Courtesy Dr Jacob Robinson, Rice University, USA.
Publications by this Customer using Polygon:
A 50 um film of liquid tetra (ethylen glycol) diacrylate, containg 1 wt% Irgacure 819 photointiator was irradiated through a glass coverslip, using the Polygon400 and a 400nm LED light source to project a pattern onto the film surface. (A) Projection of CU logo image using the 400nm LED and a 4X objective. (B) Brightfield image of the resulting pattern in the film. Photopolymerization causes a large change in refractive index in the resin, allowing immediate visualization of the pattern. Standard development techniques could subsequently be performed by washing the film in solvent to remove the unexposed areas of liquid resin.
Courtesy Gayla Berg, University of Colorado, USA.
NMDA-receptor mediated synaptic currents recorded at a +40mV membrane potential were elicited by light activation of channelrhodopsin-expressing terminals of thalamocortical afferents onto an upper layer cortical GABAergic interneuron. moving the 470nm rectangular illumination to the right or the left of the cell activates inputs of different strength innervating different somatodendritic domains of the cell. In black and red are the individual and the average traces respectively.
Courtesy Dr. Theofanis Karayannis, University of Zurich, Switzerland.
Publications by this Customer using Polygon:
A) Light-evoked response of a head-fixed larva expressing channelrhodopsin (right). Photostimulation site was indicated by a blue circle (470nm).
B) A schematic diagram of the Polygon400 patterned illumination in in vivo optogenetic mapping system.
Courtesy Dr. Sachiko Tsuda, Saitama University, Japan.
An example of connectivity mapping that allow to reproduce some results from in Valera et al. (elife, 2016). 100um RuBi glutamate was uncaged at various locations in the granular layer with 20ms pulses (blue bar), exciting notably granule cells. We can then measure the spatial organization of the granule cells to Purkinje cell (PC) connections by recording PCs in whole cell patch clamp. Granule cells triggers both monosynaptic excitatory current onto PCS (left map, measured a -60mW), but also disynaptic inhibitory currents via molecular layer interneurons (right map, measured at 0 mW). Average evoked responses at one location (dotted blue square) are shown at the bottom of the figure. Data storage, measurements, and map representations can be made online, using a homemade software in python.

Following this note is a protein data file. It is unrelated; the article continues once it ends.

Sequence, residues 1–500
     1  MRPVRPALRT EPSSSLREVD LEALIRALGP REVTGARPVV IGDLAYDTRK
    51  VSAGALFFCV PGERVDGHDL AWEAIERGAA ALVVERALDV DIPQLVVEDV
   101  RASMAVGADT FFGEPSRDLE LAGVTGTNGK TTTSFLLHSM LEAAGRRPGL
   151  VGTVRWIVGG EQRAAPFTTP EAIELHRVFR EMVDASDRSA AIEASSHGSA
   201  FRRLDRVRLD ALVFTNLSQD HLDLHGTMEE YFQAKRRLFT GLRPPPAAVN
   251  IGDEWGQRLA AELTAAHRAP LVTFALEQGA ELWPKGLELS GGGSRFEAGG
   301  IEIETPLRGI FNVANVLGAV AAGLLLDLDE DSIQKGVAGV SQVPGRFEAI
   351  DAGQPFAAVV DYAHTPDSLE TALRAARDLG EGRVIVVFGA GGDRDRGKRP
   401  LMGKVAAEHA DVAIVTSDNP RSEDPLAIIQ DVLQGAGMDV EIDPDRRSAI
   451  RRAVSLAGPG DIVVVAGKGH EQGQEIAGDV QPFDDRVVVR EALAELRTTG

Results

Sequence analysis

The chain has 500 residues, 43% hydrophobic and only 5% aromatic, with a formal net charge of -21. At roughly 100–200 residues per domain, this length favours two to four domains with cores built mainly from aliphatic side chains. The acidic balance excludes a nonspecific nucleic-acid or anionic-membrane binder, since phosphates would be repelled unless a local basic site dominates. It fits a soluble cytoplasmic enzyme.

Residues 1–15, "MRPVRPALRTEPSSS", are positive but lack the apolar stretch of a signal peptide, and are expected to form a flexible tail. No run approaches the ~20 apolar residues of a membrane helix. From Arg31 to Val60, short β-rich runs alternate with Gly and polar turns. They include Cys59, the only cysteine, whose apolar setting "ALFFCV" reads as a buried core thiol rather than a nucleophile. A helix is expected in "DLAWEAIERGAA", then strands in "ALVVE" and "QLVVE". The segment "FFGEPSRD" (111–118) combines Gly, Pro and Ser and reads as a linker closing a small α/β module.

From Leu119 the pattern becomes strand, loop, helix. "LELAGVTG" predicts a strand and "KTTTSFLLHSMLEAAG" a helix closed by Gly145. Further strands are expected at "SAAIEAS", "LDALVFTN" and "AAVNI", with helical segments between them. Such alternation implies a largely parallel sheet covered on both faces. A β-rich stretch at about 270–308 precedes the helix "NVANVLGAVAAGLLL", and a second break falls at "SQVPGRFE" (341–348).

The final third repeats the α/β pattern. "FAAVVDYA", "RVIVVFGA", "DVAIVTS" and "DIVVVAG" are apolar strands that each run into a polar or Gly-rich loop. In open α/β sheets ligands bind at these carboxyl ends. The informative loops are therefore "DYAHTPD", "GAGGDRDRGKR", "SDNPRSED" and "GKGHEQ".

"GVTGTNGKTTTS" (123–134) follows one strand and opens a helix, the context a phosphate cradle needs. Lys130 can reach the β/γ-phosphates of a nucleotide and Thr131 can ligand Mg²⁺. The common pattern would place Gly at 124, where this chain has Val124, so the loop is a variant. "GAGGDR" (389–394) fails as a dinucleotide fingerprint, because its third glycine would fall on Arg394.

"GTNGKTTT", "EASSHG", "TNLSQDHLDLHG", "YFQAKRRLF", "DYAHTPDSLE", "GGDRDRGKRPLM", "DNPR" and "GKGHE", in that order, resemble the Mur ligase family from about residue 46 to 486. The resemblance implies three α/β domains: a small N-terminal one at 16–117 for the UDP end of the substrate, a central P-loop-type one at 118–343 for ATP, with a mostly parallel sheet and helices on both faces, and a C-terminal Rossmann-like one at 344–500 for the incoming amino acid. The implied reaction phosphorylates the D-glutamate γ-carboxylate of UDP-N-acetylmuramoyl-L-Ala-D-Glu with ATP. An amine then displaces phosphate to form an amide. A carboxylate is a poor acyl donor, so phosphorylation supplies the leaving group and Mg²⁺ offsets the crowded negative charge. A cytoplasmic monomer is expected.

Courtesy, Dr. Antoine Valera & Dr. Angus Silver, University College London, UK.
A) Patch-clamp recording of the current generated by the channelrhodopsin when activated with the blue LED light from the Polygon400 illuminator as indicated by the blue bar.
B) Activation of an action potential (upper trace) and the corresponding current under voltage-clamp conditions (lower trace). The action potential could be evoked by a 0.5ms stimulation of the blue LED light from the Polygon400 illuminator at 60% intensity.
Courtesy, Dr. Hans van Hooft, University of Amsterdam, Netherland.
The first figure a repetitive stimulation with a larger circular pattern which elicited increasing responses until an action potential is generated. The second figure is increasing the intensity of stimulation from 30% to 100% and keeping the size of the pattern the same. Here we’re driving the cell at 10Hz at 100% and one can see that the stimulation is sufficient to drive doublets of action potentials during each bout of depolorization.
Courtesy, Dr. Geoffrey G. Murphy, University of Michigan, USA.
A) Acute brain slice from a YFP-channelrhodopsin-2 (ChR-2) mouse depicting its expression in cortical L5 pyramidal neurons. B) L5 pyramidal neuron from the somatosensory cortex filled with Alexa 594 to allow visualization of neuronal compartments without stimulating ChR-2. Blue dots indicate on the illuminated areas (Blue LED – 470 nm) along the apical dendrite. Expansion of the marked areas depicting the delicate dendrites that were stimulated. C) Electrophysiological (patch clamp) current recordings from the soma, corresponding to local photostimulation of ChR-2 by blue light. The numbers in the bottom of the trace corresponds to the stimulated dot numbers as indicated in B.
Courtesy, Dr. Yossi Buskila, University of Western Sydney, Australia.
Purkinje cell (PC) firing is monitored, while various light stimulation patterns are delivered to the granular layer (gl) and/or molecular layer (ml) of acute mouse cerebellar slices. The mice cerebellum was injected with AAVs carrying the ChR2 construct. The figure shows the firing frequency increase caused in a PC unit (scale bar 500ms) by optogenetic activation of a granular layer ROI (blue rectangle).
Courtesy, Dr. Lisa Mapelli & Dr. Simona Tritto, University of Pavia, Italy.